Adansonia digitata L. (baobab) fruit is commonly found throughout Africa and India, with medicinal properties, such as the ability to help control glycaemic levels. With a lack of studies published in the literature to confirm the functional properties of baobab, researchers from Portugal analysed the glycaemic effect, bioactive compounds and antioxidant activity of baobab aqueous extract (DOI: https://doi.org/10.3390/nu14020398).
In this randomised, blinded clinical trial, 31 participants—aged 18 to 40 years old—were separated into a control (n = 16; 9 female and 7 male) and intervention (n = 15; 12 female and 3 male) groups. Before receiving the intervention supplementation, participants fasted for a period of eight to ten hours. Those in the control group carried out an oral glucose tolerance test (OGTT), and the intervention group also received OGTT plus 250 mL of aqueous baobab extract.
For the aqueous baobab extract, baobab fruit from Angola was cooked and boiled in water for 5 mins. Once cooled to room temperature, researchers moved the solution to the fridge for about eight hours; researchers then sieved the solution. They noted, "The final concentration of the aqueous extract obtained, for both clinical trial and chemical analysis, was 0.1333 g Adansonia digitata L. (AD)/mL extract fresh weight (FW).” The control OGTT solution contained 75 g of anhydrous oral glucose in 200 mL of water. For the intervention group, participants’ blood glucose was measured 30 mins, 60 mins, 90 mins, and 120 mins post baobab aqueous extract ingestion.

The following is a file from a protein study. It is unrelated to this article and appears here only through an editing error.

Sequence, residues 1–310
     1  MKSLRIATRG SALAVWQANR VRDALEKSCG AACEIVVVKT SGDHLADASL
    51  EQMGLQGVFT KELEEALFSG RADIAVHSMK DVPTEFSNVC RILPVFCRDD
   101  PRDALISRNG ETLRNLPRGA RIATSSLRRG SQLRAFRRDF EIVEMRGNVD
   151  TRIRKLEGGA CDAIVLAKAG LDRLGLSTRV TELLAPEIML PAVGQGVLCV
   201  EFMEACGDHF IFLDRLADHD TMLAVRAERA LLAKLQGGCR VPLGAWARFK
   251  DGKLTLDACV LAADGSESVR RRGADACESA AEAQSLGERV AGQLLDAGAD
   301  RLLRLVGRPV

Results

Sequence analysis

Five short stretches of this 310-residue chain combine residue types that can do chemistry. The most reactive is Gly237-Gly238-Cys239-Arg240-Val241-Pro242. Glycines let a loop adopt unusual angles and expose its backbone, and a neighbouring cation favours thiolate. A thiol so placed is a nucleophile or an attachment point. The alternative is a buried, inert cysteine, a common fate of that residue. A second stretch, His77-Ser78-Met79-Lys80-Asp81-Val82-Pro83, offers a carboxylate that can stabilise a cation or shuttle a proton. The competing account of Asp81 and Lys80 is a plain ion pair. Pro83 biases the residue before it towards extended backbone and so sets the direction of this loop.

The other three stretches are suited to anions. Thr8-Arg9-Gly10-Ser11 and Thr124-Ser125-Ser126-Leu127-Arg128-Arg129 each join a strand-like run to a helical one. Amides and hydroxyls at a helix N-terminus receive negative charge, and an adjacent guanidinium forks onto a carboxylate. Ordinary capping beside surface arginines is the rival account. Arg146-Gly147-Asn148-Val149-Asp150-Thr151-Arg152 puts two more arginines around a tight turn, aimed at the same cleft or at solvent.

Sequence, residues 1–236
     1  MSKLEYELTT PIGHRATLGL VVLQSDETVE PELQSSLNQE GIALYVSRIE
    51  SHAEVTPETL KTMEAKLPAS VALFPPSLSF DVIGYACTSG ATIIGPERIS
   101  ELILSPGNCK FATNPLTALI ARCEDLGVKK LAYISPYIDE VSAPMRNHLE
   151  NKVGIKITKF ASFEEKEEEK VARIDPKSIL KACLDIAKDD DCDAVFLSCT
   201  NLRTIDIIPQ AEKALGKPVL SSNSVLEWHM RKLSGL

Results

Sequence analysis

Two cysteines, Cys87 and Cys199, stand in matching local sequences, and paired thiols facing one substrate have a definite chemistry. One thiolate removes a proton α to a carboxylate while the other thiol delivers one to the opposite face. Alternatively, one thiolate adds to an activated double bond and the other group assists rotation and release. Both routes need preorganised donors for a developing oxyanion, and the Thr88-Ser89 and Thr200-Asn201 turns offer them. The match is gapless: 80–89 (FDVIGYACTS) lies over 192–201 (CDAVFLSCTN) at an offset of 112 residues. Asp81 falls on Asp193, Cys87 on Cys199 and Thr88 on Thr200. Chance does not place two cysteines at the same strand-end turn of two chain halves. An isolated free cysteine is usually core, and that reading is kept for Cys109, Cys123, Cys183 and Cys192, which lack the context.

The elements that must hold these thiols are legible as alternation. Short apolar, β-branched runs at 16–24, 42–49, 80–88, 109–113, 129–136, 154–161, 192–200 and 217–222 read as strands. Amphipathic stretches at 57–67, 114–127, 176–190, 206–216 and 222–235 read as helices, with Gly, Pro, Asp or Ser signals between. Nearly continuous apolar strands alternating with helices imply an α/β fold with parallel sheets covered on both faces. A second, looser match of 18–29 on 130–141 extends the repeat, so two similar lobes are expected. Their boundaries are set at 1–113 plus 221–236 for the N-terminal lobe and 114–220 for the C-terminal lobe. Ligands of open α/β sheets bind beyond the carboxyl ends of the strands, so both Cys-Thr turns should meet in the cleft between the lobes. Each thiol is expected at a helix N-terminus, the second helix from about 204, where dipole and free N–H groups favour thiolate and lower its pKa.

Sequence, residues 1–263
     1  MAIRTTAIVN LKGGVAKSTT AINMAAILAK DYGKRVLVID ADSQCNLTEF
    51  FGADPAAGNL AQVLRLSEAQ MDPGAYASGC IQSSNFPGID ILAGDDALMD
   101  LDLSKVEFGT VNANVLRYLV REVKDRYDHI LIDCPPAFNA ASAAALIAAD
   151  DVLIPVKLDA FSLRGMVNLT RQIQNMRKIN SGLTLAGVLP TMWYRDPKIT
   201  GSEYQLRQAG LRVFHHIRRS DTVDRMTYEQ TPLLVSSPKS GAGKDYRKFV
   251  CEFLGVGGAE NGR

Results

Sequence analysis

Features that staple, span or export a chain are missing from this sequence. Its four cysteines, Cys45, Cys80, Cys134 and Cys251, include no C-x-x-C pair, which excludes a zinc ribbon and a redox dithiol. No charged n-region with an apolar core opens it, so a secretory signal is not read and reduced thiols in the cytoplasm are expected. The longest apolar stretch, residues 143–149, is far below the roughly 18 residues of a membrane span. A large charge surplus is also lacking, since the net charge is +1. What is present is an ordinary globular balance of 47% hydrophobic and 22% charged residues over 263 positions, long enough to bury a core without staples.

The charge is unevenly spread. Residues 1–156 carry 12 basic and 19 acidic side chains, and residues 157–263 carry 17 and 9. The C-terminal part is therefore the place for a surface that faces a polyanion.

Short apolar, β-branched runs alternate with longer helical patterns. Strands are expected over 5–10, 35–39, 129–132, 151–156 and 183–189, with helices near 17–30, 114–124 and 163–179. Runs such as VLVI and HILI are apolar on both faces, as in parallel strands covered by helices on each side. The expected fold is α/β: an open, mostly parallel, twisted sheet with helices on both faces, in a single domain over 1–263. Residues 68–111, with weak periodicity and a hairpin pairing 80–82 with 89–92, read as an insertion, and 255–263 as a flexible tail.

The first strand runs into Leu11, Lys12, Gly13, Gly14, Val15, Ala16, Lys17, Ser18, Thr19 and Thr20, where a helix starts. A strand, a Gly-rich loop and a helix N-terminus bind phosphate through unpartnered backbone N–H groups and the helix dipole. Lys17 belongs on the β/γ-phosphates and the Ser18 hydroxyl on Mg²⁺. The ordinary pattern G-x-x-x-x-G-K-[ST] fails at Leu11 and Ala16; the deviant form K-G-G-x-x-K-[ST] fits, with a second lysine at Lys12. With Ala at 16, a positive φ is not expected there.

When looking at how baobab extract affected postprandial glycemia, researchers found no significant differences among groups at 0 mins post-intervention, and they couldn't conclude from the results differences in postprandial blood glucose over time. They noted a small decrease in capillary blood glucose levels following baobab supplementation. Further, maximum glucose concentration and capillary blood glucose level incremental under the curve were much lower in the baobab intervention group, “suggesting a promising effect of baobab ingestion on blood glucose control in healthy subjects”—researchers added.
When looking at baobab composition and antioxidant properties, researchers found high levels of phenolic compounds, proanthocyanidins and hydrolysable tannins.
Though showing promising results for the functional properties of baobab fruits, the current study has some limitations, including sample size, female to male ratio, the effect and evaluation baobab extract has on the plasma-glucagon-like peptide (GLP-1) and insulin levels, or for example, the impact of baobab extract with the combination of other daily meal intake or over a longer period: days, weeks or months.
Researchers concluded: “The present study revealed that Adansonia digitata L. (baobab) fruit extract ingestion by healthy adults significantly reduces glycemia incremental AUC, as well as revealed its possessing a considerably antioxidant activity and inhibition capacity of reactive oxygen species. Therefore, the present results encourage the use of this food component as a promising source of natural antioxidants and a hypoglycaemic agent under glucose load acute conditions.”